• I'm not so sure that bigger is always better as far as brakes go. When I say bigger, I mean overall diamater. What you really want is more surface area. I've seen alot of cars with discs that have a puny little strip for actual braking surface area. I guess it all depends on the size of the hub and wheel attatchment points, etc. When designing a good braking system, I would try to maximize surface area for obvious reasons. Making discs bigger is probably the easiest way but this adds the the rotational mass which hinders the performance of the car.
  • exbyexby Posts: 11
    Hi guys, I'm new to the forum. I'm just wondering what would be a good price for an LX model brand new. I offered 14 grand for a protege with an MSRP of 16,200 and the dealer took it. I haven't bought the car yet but the price still stands. Is this a good price or can I get even lower? Help me out a bit... This is my first car deal ever.
  • the_big_hthe_big_h Posts: 1,583
    try comparing your price with this site's TMV price. The TMV is a very good indicator of how much people in your area are paying for the car.

    good luck with your car purchase!
  • protegextwoprotegextwo Posts: 1,265
    However, Volkswagen can't cover the 2002 VeeDub Jet for 12 hours against dash rattles?
  • vocusvocus Posts: 7,777
    VW can cover the dash rattles for 12 years if Mazda can cover the trannies that long.
  • vocusvocus Posts: 7,777
    I would find out the invoice price, then offer the dealer invoice minus any rebates available. The Protege is a good car, though not as popular as a Honda or Toyota. Great deals can be had, you just have to know how to do it. :)
  • Friend of mine had a '85 323 that he just traded in a couple of months ago. His transmission still works, albeit a little rougher when going from P to D and with shifting through the gears but functional nonetheless. Even the engine was OK too. Mazda quality is among the tops in the auto industry. If they did offer 12 year warranties, they would not lose their shirts over it. Problem is FoMoCo would probably not let them have anything close to that, b/c it would extend to joint FoMoCo ventures like the Tribute and possibly the new 2004 compacts (Protege/Focus).

    Too bad about the 323, he never washed it. Seemed there was a large rust spot on every body panel. I am sure he could have pushed it to 250K if he had taken better care of it.
  • mdaffronmdaffron Posts: 4,421
    My Protege is covered for 7 years/100,000 miles bumper-to-bumper and I still paid about $6,000 less than Paul did for his car.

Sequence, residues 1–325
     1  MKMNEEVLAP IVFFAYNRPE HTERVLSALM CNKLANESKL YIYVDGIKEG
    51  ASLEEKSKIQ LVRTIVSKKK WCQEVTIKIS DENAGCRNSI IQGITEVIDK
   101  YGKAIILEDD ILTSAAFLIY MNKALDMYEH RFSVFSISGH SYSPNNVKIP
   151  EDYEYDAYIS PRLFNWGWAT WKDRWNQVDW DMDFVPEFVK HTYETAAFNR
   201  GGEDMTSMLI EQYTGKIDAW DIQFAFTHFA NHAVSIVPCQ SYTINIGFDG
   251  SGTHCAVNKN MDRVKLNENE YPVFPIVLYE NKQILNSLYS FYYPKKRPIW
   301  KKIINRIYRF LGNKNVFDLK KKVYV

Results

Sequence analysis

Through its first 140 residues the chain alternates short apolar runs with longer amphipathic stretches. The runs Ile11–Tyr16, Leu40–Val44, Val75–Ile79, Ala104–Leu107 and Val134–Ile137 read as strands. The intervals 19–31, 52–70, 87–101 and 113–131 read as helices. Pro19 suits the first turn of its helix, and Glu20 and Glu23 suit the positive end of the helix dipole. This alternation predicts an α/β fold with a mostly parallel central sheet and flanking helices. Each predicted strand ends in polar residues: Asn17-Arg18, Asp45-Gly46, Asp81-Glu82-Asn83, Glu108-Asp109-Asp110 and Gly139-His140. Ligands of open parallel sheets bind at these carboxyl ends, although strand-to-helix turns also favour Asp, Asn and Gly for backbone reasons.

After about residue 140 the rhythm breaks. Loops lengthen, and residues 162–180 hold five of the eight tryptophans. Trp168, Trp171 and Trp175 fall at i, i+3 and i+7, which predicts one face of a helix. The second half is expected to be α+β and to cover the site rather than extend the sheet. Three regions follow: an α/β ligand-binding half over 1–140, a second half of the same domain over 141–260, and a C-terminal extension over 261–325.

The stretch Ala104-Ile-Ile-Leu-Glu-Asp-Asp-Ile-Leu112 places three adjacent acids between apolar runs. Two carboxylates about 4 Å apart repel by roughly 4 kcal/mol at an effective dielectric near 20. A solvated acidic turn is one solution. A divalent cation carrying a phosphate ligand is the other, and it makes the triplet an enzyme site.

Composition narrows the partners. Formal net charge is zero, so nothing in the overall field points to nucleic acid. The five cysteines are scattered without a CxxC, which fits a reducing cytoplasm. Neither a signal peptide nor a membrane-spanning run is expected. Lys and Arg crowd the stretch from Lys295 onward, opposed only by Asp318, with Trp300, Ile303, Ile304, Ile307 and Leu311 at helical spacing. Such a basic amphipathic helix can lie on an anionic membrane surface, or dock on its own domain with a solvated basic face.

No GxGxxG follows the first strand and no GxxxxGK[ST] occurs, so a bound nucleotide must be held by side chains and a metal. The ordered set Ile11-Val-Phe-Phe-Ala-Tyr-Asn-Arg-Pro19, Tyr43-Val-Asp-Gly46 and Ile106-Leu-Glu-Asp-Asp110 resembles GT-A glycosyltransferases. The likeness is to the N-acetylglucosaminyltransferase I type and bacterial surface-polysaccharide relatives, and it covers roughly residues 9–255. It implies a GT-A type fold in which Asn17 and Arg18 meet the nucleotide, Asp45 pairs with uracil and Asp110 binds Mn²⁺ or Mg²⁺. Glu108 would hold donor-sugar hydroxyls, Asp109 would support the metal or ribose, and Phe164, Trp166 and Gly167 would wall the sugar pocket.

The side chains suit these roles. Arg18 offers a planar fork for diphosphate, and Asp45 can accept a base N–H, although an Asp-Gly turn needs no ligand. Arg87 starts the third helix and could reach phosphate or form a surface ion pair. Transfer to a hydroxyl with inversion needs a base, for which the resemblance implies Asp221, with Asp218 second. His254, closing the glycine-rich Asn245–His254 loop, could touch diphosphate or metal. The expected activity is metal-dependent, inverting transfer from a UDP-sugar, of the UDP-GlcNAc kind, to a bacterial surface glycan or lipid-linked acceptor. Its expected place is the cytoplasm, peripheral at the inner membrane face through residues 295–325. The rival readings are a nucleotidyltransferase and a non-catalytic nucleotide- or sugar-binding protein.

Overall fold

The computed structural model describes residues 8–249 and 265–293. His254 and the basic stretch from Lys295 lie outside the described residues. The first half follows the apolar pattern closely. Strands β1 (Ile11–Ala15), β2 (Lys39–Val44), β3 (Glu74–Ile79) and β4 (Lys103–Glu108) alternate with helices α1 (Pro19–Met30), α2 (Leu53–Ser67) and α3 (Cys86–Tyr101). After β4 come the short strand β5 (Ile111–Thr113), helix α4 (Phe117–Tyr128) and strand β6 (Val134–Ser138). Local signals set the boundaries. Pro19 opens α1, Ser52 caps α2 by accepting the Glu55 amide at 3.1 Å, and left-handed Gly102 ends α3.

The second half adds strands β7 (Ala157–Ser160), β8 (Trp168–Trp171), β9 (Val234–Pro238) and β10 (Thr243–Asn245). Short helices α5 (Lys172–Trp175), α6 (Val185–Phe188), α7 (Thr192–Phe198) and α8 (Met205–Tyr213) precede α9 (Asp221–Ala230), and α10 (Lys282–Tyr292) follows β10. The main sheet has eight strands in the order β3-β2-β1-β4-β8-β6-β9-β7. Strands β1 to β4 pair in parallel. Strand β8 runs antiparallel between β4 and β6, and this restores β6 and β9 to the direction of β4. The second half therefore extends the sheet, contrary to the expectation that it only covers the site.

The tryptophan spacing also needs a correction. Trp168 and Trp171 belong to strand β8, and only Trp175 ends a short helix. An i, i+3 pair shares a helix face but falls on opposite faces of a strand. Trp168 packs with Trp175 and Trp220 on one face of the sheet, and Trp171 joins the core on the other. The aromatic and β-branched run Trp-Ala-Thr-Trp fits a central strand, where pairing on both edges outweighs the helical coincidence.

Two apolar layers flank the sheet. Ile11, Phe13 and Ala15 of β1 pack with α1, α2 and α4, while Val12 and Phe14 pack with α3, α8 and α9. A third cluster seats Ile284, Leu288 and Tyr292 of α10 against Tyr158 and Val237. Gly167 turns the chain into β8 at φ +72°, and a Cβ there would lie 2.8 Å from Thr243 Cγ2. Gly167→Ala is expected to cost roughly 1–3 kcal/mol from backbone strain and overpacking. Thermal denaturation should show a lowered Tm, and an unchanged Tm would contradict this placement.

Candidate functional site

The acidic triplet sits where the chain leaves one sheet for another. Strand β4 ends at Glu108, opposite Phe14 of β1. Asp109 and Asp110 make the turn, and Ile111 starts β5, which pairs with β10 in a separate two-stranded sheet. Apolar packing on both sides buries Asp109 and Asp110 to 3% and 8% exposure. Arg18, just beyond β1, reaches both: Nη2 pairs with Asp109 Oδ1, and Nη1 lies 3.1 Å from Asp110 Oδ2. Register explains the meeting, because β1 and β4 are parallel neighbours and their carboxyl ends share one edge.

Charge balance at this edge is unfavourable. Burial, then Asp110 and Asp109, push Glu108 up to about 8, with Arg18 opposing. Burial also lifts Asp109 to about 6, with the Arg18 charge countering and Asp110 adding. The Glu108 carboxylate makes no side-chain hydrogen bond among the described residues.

Meade
  • boggseboggse Posts: 1,048
    My 2000 VW Jetta had 2 major problems with the transmission before I "Jettasoned" it at 18,000 miles.
  • mdaffronmdaffron Posts: 4,421
    No, I have done no maintenance to my brakes (other than having the fluid changed at 30,000 miles). I do tend to let the engine brake the car somewhat (I have a 5-speed after all), so maybe that has contributed to longer wear.

    Meade
  • vocusvocus Posts: 7,777
    Could have paid close to the same had I not gotten the luxury options I got with my car (turbo, leather/heated seats, traction control, side airbags). And the list goes on and on...
  • vocusvocus Posts: 7,777
    You had the VR6 engine, right? That's why I got the turbo and not the VR6. They seem to have alot of tranny trouble for some reason.

    It sucks really, because I wanted a GLX, but they only come with the VR6.

    And how long did you have your car?
  • chikoochikoo Posts: 3,008
    u almost got it right.
    Actually the vehicle that I am referring to is a Vespa Scooter. It is a rear sidemounted engine and has only 12" tires.

    So in case the front brakes are in good working condition and u happen to use them, expect yourself to be spinning in circles with your rear wheel lifted off the ground!!!!
  • fowler3fowler3 Posts: 1,919
    I had a Vespa scooter when I was in the Air Force in Germany, in 1953. It was a deluxe model made for the International Motor Show, the center piece, painted candy apple red with gold pinstripes (hand painted). The seat was tan leather. The spare tire had a chrome insert which was the emergency fuel tank, held 1-litre. More chrome trim on the scooter than standard green models.

    I had to wait for the Vespa to make the rounds of all the Vespa dealers before taking delivery. It cost $850.00! Standard Vespas started at $350.00.
    These days they are $3,500 and up. Check the Vespa web site for current modern models -- beautiful!

    Chikoo,you are right about the brakes, it did tend to nose down on hard stops. Not a good vehicle for riding in blizzards, I sold it and got a car, my first 4-speed manual, 1951 Morris Minor, had 27hp, bicycles passed me on hills. Missed the Vespa's 80mpg, sigh.

    I still have a photo,if I can find it I will post on that other site. ;)

    fowler3